Culture Corner – Tsukimi

Tsukimi Food

Tsukimi Food image via Wikipedia.org

Tsukimi (月見), or O-tsukimi, which is translated as ‘moon-viewing’, is the Japanese custom of honouring the autumn moon. This celebration usually takes place on the fifteenth day of the eighth month of the traditional Japanese lunar calendar. This is known as jugoya (full moon night) or chushu no meigetsu (beautiful mid-autumn moon). The moon isn’t always full on this night, but the autumn air is very clear and the sun, moon and earth are in optimal positions to make the moon appear at its brightest. Thus, autumn is considered the best season to observe the moon. In the modern-day calendar, the date usually falls in September. This year’s tsukimidate falls on September 12.

History
Moon festivals have a long history in Japan, originating as a celebration of a bountiful harvest by farmers. In the Heian period, the custom of viewing the moon, an element of autumn festivals in China, was introduced to Japan. It wasn’t long before Japanese aristocrats were lounging about on boats viewing the moon, in order to catch the moon’s reflection in the water, and composing impromptu poetry.

Customs
Tsukimi is the counterpart of spring’s hanami (花見), or ‘cherry blossom viewing’ parties. However, the festivals are celebrated quite differently. Hanami, with its tradition of picnicking and drinking in large public gatherings under blooming cherry trees in March and April, has the reputation of being quite boisterous. Tsukimi is much more quiet and contemplative. Apparently, this was not always the case: people in the Edo period used tsukimi as a pretext for partying late into the night in the autumn, a custom which was ended in the Meiji era.

Tsukimi is celebrated in a small gathering, in a place where the moon can be seen clearly. Sitting on the engawa (porch) of a traditional home, or in a garden, is ideal. Elegant plumes of susuki (pampas grass) and other autumn plants are displayed as an offering to the moon in thanks for the harvest. Folklore suggests that if you hang susuki under your eaves after the moon-viewing festival, you won’t get sick throughout the year.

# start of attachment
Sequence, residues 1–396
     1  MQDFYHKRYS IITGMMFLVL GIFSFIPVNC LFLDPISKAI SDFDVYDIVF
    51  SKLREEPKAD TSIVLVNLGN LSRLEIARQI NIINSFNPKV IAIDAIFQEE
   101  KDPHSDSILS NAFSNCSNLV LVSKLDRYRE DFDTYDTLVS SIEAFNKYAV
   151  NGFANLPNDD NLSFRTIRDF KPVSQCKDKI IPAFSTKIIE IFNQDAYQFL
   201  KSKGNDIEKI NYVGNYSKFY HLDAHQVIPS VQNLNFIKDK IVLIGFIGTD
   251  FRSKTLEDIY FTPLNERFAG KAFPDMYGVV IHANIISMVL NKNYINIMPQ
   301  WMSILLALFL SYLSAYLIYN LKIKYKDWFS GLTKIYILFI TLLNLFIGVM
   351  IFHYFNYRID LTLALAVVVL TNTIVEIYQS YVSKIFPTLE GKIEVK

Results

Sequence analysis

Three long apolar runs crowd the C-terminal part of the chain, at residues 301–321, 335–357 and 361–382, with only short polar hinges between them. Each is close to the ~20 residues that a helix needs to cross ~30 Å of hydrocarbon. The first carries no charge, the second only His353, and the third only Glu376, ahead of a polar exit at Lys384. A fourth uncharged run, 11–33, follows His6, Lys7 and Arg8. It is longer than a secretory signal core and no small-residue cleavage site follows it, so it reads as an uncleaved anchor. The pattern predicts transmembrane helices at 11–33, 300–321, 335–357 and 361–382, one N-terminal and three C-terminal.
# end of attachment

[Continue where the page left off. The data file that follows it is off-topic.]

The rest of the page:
Moon-Viewing Food
Like many Japanese festivals, tsukimi has special foods associated with it. It’s traditional to serve tsukimidango and seasonal produce offerings during tsukimi. Tsukimi-dango are moon-shaped, white rice dumplings which are piled in a small pyramid on an altar at tsukimi in order to give thanks for a good harvest. Other seasonal offerings include satoimo (taro potatoes), edamame, and chestnuts, plus sake. These dishes are known as tsukimi-ryori (‘moon-viewing dishes’).

Satoimo, or taro, is a root vegetable associated with moon viewing, because it is harvested in autumn. It was introduced to Japan from China and became a regular part of the Japanese diet. In China, the custom of viewing the moon was originally part of a satoimo harvest festival. Therefore, the tradition of offering satoimo to the moon is known as imomeigetsu (‘potato harvest moon’) in some parts of Japan.

Although not specifically eaten at moon-viewing ceremonies, tsukimi-soba and tsukimi-udon, among other dishes, bear the name because these noodles in broth are topped with an egg which resembles the full moon floating in the night sky.

At some fast food restaurants in Japan, such as McDonald’s. a special menu is offered in the fall featuring fried or poached egg sandwiches known as Tsukimi burgers.

Rabbit in the moon standing by pot

Rabbit in the Moon Image via Wikipedia.org

The Moon Rabbit
On a related note, the moon and rabbits have an ancient connection. Whereas, when we look on the face of the full moon, we fancy we see a human face gaping back at us, in Japanese folklore the image on the moon is believed to be that of the Moon Rabbit, making mochi (rice cakes) in the traditional way using a huge mortar and a mallet.

A children’s song about rabbits, taught to me long ago by my first Japanese friend, goes like this: usagi usagi, nani mite haneru? jugoya o-tsuki sama mite haneru. (“Rabbits, rabbits, what are you looking at and dancing? It must be looking at the full moon that makes you dance.”) It’s well-known throughout Japan, so ask your friends, fellow teachers or even your youngest students to teach the tune to you!